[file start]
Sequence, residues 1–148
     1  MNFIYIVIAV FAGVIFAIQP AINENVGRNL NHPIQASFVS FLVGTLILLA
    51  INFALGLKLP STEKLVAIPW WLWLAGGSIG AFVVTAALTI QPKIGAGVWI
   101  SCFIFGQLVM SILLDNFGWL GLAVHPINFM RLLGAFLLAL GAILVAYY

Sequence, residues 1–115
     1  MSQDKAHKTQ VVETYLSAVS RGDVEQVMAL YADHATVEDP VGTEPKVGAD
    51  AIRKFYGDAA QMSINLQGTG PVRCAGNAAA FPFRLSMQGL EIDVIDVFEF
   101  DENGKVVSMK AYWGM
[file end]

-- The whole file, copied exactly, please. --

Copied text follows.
Sequence, residues 1–148
     1  MNFIYIVIAV FAGVIFAIQP AINENVGRNL NHPIQASFVS FLVGTLILLA
    51  INFALGLKLP STEKLVAIPW WLWLAGGSIG AFVVTAALTI QPKIGAGVWI
   101  SCFIFGQLVM SILLDNFGWL GLAVHPINFM RLLGAFLLAL GAILVAYY

Sequence, residues 1–115
     1  MSQDKAHKTQ VVETYLSAVS RGDVEQVMAL YADHATVEDP VGTEPKVGAD
    51  AIRKFYGDAA QMSINLQGTG PVRCAGNAAA FPFRLSMQGL EIDVIDVFEF
   101  DENGKVVSMK AYWGM